This country has come a long way with racism… but the sad part is that even though we have come so far, we still have a LONG way to go. Racism should be eradicated by now, but there is so much STUPIDITY in America (because people seriously have to be stupid, ignorant, idiodic dumbasses to be racist… to think that someone’s skin color somehow makes them “less” human) that racism is still going pretty strong. It makes me so sad. I just hope that in my lifetime, things will turn around!

Mr. Monk is indeed wise beyond his 7 years!
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Ambrosia January 19, 2010 at 12:17 am

Thank you for this history lesson!

My husband told me about that judge denying the interracial couple a marriage license. I was steamed for days.

You have reminded each of us of the importance of Martin Luther King. He was not only a leader of the civil rights movement for African Americans, but for everyone. We, like many countries, have a sad history of racism. I am grateful that we have moved in a more positive direction. Yes, there is much to do. I choose to celebrate, however, on this glorious day what we have accomplished.
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Shelli January 19, 2010 at 3:09 am

Wonderful blog! I had never thought of things this way. Thank you (and Mr. Monk) for opening my eyes and teaching me a bit of history!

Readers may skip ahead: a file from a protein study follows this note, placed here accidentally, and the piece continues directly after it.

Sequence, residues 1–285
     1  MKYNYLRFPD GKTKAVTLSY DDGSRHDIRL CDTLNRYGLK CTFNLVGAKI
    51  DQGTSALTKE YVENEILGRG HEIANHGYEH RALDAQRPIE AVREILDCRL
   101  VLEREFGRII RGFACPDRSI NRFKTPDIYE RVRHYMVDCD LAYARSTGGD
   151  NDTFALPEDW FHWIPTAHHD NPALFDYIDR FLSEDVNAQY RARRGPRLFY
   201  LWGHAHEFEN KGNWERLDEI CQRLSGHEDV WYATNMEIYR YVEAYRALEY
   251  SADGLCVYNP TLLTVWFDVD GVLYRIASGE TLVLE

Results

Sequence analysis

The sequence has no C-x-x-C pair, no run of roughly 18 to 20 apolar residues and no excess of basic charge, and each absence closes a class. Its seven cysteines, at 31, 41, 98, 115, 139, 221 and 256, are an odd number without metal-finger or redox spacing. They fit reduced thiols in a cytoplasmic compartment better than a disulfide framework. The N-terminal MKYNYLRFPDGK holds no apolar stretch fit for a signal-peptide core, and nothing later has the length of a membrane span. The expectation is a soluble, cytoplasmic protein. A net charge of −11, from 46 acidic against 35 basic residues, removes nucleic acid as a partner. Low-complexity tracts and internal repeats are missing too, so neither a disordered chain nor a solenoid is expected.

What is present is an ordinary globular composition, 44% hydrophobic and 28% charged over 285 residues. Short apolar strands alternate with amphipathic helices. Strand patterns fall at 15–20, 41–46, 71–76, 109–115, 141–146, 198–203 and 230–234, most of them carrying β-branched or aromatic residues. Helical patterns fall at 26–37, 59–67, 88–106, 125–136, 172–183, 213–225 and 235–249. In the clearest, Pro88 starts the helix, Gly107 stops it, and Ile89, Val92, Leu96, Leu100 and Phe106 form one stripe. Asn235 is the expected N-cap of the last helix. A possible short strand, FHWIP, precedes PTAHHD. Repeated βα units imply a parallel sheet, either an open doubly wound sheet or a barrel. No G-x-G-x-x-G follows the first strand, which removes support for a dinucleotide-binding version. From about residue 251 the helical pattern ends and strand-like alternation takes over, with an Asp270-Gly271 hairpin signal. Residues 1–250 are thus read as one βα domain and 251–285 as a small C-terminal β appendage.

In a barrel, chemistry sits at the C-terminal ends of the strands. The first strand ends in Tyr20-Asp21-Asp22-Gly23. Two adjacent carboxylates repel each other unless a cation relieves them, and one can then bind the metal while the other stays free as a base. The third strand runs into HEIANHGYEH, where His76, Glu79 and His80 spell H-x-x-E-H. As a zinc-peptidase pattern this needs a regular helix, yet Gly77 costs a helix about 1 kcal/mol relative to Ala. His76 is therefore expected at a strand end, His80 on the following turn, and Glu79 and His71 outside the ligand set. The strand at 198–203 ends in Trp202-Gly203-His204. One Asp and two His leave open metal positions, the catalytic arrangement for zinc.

I remember the case about the dipshit judge who refused to marry the couple. I clipmarked it, and blogged it, and status commented it, and linked it, and ….. well, you get the point. I was PISSED! For weeks!

I think that’s what we all need to remember, in order to truly change the way things are in this country: the pissed off feeling we get when we hear of someone else (or ourselves) being discriminated against for any reason. We all deserve the equality described in our Declaration of Independence and our Constitution, and even beyond. And we need to actively fight for it … not just let someone else fight on our behalf and die for the cause, like MLK did (among others).
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Absence Alternatives January 19, 2010 at 6:04 am

I just want to say: Thank you for letting me know that this post makes sense to you.


Diane January 19, 2010 at 7:24 am

“From the mouths of babes . . .” Very cute. And smart kid.


Elly Lou January 19, 2010 at 9:26 am

You gave me a little shiver this morning and a little ray of hope. Hugs to you and his monk-ness.


TheKitchenWitch January 19, 2010 at 9:42 am

As part of an interracial couple, I hear you, sister! Crazy to think about, isn’t it?
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Robin January 19, 2010 at 11:54 am